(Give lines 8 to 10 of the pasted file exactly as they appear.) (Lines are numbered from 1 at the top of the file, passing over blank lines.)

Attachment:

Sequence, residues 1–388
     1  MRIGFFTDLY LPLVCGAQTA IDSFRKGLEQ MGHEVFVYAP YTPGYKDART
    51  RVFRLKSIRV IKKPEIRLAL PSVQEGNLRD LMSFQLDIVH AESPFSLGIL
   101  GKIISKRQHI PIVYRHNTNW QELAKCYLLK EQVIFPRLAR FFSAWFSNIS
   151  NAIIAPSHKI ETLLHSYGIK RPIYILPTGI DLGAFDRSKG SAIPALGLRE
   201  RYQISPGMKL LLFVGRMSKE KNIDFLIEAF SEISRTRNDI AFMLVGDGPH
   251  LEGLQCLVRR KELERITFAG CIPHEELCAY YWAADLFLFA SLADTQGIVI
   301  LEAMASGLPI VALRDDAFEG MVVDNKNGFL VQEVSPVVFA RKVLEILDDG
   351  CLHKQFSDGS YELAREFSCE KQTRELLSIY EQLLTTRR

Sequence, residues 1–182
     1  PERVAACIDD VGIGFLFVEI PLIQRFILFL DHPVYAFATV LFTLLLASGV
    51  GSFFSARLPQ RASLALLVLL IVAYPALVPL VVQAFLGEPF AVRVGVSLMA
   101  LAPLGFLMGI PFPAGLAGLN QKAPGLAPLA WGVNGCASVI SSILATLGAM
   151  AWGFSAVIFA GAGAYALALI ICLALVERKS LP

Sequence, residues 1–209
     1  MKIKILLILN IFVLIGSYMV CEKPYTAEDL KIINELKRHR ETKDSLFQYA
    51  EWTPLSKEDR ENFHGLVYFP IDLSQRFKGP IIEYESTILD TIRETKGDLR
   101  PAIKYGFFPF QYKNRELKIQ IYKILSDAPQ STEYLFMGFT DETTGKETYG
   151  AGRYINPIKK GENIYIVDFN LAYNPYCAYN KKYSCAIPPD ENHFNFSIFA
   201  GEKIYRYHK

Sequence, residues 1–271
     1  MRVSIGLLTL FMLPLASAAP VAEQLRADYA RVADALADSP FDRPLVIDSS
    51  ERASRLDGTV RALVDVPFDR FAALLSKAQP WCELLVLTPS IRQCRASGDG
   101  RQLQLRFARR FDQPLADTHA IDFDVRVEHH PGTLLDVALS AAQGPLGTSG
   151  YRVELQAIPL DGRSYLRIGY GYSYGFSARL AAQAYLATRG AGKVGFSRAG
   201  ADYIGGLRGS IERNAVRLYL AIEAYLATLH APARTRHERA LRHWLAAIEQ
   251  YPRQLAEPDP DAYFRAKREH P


   301  LEAMASGLPI VALRDDAFEG MVVDNKNGFL VQEVSPVVFA RKVLEILDDG
   351  CLHKQFSDGS YELAREFSCE KQTRELLSIY EQLLTTRR

Sequence, residues 1–182